If so, remember, the question is not whether harsh interrogation techniques ever lead to actionable intelligence, but whether doing so is necessary and appropriate. We believe there are two reasons why the answer is no.
First, harsh interrogation techniques are wrong. Torture is against the ideals we stand for as Americans, and our belief in human dignity. This is why President Obama, with the support of his counterterrorism advisors, has banned the use of such techniques.
Second, there are more effective ways to gain intelligence than by using torture. The use of force undermines the interrogators’ ultimate goal—to elicit useful intelligence—for which you need the co-operation of the subject, not merely compliance.
But don’t take our word for it. In this report, we asked veteran military interrogator Steven Kleinman to explain the difference between effective interrogations in the real world and those portrayed in Hollywood. Kleinman has over 26 years of operational experience. He is a highly decorated veteran of Operations Just Cause, Desert Storm, and Iraqi Freedom. He has years of experience handling high-value detainees and has testified on interrogation and detainee policy before Congress. We encourage you to take a look.
Since September 11, 2001, the U.S. has waged a relentless campaign to disrupt, dismantle, and defeat the central al Qaeda network and kill or capture its senior leaders. By removing key al Qaeda personnel from the battlefield, the U.S. and its allies have largely kept the group off-balance. While we cannot be complacent about the threat, our efforts have degraded the group’s overall ability to plan and carry out attacks here at home.
In this graphic, we have highlighted some of the top al Qaeda figures killed or captured by U.S. or allied forces in the decade since the 9/11 attacks.
Is dealing with Russia the lesser of two evils on Afghanistan and Syria? This Infographic explains.
The major road out of Afghanistan (the Khyber Pass in Pakistan) has been closed since December 2011, after American forces killed 24 Pakistani troops in a border skirmish. Consequently, the U.S. must use the much more expensive and lengthy Northern Distribution Network—which requires permission of many former Soviet states, including Russia.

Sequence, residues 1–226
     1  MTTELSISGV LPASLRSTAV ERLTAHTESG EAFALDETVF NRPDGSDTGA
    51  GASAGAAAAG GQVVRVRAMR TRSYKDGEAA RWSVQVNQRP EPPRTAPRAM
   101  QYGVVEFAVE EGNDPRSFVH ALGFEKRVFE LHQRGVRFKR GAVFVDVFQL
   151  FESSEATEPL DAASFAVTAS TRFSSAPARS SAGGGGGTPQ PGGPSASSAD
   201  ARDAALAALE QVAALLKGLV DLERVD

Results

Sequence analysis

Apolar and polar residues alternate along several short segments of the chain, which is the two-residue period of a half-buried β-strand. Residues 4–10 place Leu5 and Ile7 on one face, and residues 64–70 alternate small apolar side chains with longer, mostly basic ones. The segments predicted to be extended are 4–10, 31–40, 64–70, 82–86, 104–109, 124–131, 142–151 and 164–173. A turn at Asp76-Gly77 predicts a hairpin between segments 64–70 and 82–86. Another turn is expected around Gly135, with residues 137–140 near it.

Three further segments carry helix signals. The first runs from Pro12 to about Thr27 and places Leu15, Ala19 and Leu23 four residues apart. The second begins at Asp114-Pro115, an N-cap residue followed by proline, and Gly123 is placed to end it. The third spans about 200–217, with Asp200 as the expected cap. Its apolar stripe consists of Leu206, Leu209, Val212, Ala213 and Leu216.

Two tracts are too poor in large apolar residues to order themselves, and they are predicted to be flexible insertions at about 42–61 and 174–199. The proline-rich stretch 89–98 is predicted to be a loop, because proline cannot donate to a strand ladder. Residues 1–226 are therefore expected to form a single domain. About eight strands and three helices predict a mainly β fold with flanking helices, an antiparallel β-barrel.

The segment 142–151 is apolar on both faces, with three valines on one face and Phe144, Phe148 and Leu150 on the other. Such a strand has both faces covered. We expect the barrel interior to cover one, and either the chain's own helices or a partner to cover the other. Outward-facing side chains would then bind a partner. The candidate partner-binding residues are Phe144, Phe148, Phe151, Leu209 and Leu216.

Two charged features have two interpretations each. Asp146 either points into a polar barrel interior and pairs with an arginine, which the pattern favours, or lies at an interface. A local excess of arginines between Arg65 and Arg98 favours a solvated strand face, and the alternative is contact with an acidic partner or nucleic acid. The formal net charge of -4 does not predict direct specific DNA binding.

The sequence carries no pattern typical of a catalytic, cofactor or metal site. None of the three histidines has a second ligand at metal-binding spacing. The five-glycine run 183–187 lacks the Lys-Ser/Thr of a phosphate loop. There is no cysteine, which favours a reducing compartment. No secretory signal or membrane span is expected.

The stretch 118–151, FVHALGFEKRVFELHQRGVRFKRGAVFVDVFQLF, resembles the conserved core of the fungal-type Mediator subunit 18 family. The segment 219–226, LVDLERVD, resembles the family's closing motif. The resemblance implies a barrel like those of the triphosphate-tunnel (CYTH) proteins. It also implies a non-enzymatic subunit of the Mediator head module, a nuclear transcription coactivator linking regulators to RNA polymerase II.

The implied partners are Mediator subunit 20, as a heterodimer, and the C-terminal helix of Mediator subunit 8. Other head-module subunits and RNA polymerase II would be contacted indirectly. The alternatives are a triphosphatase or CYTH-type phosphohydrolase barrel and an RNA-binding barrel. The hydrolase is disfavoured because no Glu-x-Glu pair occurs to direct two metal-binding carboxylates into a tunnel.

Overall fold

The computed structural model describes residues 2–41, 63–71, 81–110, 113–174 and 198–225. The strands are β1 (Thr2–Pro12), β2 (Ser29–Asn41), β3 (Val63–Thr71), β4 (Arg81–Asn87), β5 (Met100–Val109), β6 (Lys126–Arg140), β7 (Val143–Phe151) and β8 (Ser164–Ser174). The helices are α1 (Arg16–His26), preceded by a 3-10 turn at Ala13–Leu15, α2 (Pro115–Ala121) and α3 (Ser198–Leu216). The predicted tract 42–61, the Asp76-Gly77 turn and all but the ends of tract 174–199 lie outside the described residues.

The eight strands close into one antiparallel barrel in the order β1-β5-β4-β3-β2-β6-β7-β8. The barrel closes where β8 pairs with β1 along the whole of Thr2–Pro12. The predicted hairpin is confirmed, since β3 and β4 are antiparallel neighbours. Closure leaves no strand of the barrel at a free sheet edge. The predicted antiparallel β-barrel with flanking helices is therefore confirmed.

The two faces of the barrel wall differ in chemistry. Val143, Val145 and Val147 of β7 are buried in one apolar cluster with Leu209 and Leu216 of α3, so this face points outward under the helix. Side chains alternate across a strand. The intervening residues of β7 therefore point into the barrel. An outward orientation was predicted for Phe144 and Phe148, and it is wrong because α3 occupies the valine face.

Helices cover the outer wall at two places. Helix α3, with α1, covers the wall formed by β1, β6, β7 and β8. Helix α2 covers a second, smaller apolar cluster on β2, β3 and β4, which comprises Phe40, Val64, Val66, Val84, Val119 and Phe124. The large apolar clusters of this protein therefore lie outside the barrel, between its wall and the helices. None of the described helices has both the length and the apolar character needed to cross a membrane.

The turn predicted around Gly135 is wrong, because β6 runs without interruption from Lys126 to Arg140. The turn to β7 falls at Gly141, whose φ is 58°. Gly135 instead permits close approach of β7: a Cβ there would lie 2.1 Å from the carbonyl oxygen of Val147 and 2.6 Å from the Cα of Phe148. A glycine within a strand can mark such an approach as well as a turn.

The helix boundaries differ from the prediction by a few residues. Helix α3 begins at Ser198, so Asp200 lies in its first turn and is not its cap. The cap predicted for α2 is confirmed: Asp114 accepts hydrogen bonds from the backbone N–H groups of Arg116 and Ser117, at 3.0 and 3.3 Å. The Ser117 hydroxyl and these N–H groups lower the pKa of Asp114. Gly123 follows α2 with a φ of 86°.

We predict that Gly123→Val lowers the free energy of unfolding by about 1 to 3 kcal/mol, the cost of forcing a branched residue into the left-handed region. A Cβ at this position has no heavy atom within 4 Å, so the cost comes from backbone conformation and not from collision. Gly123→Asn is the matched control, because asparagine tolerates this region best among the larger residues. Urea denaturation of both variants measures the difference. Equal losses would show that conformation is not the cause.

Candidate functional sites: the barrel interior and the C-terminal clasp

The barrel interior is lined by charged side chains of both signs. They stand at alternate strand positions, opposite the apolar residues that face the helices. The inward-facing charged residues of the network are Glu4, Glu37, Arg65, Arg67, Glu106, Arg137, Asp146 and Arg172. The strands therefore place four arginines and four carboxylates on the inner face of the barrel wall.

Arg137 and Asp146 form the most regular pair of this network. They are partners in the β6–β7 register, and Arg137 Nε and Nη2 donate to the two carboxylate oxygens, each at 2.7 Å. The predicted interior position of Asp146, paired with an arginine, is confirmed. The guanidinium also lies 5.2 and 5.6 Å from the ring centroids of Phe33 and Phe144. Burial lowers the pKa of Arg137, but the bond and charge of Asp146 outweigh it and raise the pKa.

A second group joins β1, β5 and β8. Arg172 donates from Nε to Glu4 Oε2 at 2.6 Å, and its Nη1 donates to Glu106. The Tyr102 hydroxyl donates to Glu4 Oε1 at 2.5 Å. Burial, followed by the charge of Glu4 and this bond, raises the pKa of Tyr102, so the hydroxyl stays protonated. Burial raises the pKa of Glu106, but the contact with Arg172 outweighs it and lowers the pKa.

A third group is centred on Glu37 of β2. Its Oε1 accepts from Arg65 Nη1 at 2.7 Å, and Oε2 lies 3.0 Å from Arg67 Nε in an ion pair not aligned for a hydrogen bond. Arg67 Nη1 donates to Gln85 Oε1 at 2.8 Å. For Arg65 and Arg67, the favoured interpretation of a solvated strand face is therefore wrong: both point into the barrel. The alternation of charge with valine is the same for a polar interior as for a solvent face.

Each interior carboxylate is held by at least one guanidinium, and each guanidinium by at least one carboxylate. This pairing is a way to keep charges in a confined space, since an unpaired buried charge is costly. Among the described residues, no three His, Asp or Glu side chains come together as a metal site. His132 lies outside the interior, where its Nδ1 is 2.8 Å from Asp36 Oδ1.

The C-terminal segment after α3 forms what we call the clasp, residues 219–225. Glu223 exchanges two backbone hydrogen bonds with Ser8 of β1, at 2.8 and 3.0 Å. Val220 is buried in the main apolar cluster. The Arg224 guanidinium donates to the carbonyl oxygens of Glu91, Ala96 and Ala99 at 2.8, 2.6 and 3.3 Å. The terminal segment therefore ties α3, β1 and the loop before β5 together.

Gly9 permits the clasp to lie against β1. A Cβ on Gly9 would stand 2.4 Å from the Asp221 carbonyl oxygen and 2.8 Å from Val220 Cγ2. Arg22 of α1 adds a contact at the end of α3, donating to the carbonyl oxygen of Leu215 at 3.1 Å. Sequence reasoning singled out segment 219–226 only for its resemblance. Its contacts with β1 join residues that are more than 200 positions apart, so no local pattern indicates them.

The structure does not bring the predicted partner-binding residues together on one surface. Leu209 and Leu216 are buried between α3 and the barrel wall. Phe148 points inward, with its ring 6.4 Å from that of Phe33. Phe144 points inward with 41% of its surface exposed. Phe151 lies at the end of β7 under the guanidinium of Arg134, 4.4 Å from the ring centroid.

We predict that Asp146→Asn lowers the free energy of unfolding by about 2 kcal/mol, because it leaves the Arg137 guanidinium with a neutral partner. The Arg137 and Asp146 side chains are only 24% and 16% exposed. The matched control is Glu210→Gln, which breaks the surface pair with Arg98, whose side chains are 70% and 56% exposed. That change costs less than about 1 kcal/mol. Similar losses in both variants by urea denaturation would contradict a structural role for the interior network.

The exit from Afghanistan is underway, but the debate continues over whether it’s moving too slowly, too quickly, or just about right. President Obama has charted a responsible path to ending our combat role in Afghanistan while maintaining our ability to eliminate future threats. Why?
Support for keeping U.S. forces in Afghanistan has declined over the past year among Republicans, Democrats and independents. For the first time in a Pew Research Center survey, as many Republicans (48%) favor removing U.S. forces from Afghanistan as soon as possible as support keeping the troops there until the situation is stabilized (45%).
Tonight Third Way is hosting a reception celebrating the publication of Find, Fix, Finish - an important new book by Eric Rosenbach and our very own Aki Peritz.
About Find, Fix, Finish:
On 9/11 the U.S. had effectively no counterterrorism doctrine. Fast forward ten years: Osama bin Laden is dead; al Qaeda is organizationally ruined and pinned in the tribal areas of Pakistan and Afghanistan; there has been no major attack on American soil; and while there has been at least one instance of a massive planned attack, it was crushed by the greatest international collaboration of intelligence services seen since the end of the Cold War. It’s been a remarkable transformation.
Aki Peritz and Eric Rosenbach have experienced first-hand the monumental strategy changes in our country’s counterterrorism strategy within the intelligence, defense, and political communities. In this book, they explain how America learned to be very good at taking on the terrorists, often one at a time, in ever more lethally incisive operations. They offer new details behind some headlines from the last decade. They are frank about the mistakes that have been made. And they explain how a concept coined by General Grant during the Civil War has been reinvented in the age of satellite technology to manage a globally distributed foe, allowing the U.S. to find, fix, and finish its enemies.